Diabetes mellitus is a term used to describe a group of metabolic disorders characterized by persistently high blood sugar levels. This causes various issues and if left untreated, can cause many complications. Diabetes can occur when the pancreas is not producing adequate insulin or if there is insulin resistance.
Diabetes can be divided into type 1 diabetes, type 2 diabetes, and gestational diabetes. In 2017, the estimated global economic cost of diabetes related issues was US$727 billion. In the United States in 2012, diabetes cost almost US$245 billion. Diabetics have medical expenditure that is on average 2.3 times higher.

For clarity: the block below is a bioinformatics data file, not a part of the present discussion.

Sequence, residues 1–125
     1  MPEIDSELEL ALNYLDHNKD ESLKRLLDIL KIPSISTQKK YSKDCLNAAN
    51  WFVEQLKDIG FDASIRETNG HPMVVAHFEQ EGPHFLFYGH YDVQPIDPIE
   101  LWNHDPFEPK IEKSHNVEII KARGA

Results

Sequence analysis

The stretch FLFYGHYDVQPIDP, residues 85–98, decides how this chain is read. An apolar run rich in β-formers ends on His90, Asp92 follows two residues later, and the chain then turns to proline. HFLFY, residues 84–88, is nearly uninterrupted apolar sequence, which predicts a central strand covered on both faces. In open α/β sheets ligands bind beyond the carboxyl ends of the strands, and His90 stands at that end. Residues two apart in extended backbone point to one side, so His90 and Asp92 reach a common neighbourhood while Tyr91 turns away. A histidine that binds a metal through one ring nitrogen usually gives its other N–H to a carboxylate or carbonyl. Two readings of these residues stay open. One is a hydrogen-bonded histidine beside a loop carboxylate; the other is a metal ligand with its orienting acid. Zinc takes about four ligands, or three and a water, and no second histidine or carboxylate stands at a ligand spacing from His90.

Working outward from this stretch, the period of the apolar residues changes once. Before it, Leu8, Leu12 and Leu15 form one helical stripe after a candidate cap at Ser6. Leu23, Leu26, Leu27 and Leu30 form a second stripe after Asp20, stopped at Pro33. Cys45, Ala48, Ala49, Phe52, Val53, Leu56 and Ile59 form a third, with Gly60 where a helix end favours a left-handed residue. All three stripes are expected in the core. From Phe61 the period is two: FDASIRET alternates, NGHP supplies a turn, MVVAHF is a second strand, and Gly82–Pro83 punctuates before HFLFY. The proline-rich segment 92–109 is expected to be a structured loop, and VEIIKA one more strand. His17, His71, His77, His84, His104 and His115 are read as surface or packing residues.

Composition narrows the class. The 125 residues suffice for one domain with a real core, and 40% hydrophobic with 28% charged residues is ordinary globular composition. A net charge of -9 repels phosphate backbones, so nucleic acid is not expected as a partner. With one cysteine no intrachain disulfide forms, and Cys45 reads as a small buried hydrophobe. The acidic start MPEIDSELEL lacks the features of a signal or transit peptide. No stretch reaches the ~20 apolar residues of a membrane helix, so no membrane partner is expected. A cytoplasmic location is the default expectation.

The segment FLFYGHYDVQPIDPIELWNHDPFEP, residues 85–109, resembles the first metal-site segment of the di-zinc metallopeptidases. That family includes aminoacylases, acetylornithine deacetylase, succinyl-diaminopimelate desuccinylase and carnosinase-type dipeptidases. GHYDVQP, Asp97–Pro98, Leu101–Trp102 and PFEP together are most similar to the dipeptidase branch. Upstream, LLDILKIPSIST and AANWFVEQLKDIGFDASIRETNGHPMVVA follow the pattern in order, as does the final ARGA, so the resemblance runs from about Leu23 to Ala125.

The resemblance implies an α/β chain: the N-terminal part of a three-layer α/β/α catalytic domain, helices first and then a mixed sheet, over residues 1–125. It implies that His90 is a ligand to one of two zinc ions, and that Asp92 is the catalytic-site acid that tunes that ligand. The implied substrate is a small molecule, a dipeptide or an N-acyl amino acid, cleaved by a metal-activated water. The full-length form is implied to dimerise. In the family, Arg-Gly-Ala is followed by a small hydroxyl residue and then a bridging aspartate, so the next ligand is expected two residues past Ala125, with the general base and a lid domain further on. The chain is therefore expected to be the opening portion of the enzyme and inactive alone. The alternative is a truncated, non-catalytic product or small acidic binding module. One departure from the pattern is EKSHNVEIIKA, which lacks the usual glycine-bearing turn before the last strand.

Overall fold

Type 1 diabetes mellitus (T1DM) occurs due to the failure of the pancreas to produce adequate insulin because of the loss of beta cells in the pancreas. T1DM was previously known as juvenile diabetes as it generally begins in the younger population. The beta cells are lost due to an autoimmune response. Type 2 diabetes mellitus (T2DM) is due to insulin resistance and is previously known as adult-onset diabetes. However, since it is increasingly common among the pediatric population due to high obesity rates, this term is now rarely used. T2DM is the commonest type of diabetes. Gestational diabetes occurs when a pregnant woman without a history of diabetes develops high levels of blood sugar during pregnancy.